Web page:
France was a world power in 1945, as pointed out by Anixx's colonial map, and still is (after a fashion), today. Along with the three defeated powers (Germany, Italy, and Japan), it is a member of the G-7, which also includes the United States, Britain and Canada (and does not include Russia or China). This is true even though the war basically reduced ...


5

Note that (according to Churchill anyway) Britain also declared war on Japan several hours before the USA did. You'll have trouble finding anyone arguing that this showed that the USA was a "junior partner". Churchill put it down to the difference in the two governments. In the USA, a formal declaration of war requires an act of Congress. Both houses didn't ...


5

If you'll take Ken Jennings as a source (as he does seem to know his literature), he not only agrees that there is no evidence that Louis XIV said this, but goes a step further and says that Louis XIV probably wouldn't have said it. He claims not only that it wasn't true that the French monarch was equivalent to the state, but that Louis XIV probably didn't ...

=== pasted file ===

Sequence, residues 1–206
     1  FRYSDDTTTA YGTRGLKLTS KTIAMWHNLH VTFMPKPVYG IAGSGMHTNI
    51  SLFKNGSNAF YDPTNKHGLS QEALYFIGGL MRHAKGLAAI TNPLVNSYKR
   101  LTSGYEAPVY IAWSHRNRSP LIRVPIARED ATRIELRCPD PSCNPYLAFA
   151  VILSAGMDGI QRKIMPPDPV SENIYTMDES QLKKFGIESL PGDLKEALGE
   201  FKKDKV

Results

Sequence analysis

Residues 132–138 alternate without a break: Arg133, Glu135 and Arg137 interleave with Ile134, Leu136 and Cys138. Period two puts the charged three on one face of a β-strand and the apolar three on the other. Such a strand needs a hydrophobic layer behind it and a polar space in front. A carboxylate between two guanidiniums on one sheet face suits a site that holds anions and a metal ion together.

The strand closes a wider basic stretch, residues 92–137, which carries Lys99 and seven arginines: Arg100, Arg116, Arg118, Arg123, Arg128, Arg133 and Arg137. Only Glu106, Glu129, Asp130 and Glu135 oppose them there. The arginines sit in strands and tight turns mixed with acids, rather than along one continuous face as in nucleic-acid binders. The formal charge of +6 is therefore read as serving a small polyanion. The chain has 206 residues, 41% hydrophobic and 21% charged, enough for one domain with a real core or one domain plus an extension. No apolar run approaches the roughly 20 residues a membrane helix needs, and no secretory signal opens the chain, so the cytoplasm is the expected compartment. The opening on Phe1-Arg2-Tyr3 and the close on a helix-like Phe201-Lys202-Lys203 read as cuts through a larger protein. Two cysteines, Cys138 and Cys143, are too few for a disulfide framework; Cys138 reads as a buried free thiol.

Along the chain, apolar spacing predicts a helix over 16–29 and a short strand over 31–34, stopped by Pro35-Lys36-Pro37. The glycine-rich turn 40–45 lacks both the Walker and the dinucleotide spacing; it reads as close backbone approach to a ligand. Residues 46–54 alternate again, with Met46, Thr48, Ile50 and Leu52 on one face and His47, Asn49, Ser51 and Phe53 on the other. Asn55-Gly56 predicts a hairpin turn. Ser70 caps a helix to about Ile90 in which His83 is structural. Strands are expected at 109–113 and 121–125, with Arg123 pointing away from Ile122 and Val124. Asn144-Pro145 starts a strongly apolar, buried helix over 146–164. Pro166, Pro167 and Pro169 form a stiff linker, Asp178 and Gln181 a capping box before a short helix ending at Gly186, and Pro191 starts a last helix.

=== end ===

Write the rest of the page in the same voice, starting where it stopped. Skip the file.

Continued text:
5

I am not well enough read in French history and governance to offer a good answer, so I shall offer a poor answer. My understanding of the comment is that all the governance of France originated in and was legitimized by Louis. What we now call the legislative, executive and judicial functions of the government were vested in Louis' person. Any of these ...


4

Balancing the Budget is very different from eliminating the National Debt. A Balanced Budget simply means that a country made a decrease, no matter how small, in the National Debt over the specified time period (usually a year). Given the horrendous expense of running Louis XIV's court, it is easy to see how the Budget might have improved simply in ...


4

Mers-el-Kebir was indeed a tragic episode in the history of Anglo-French relations. And it wasn't the only incident of its kind (though it was by far the costliest in lives). A number of engagements made up "Operation Catapult". British sailors used force to seize various French ships, some of them, like the giant submarine Surcouf already in British ports. ...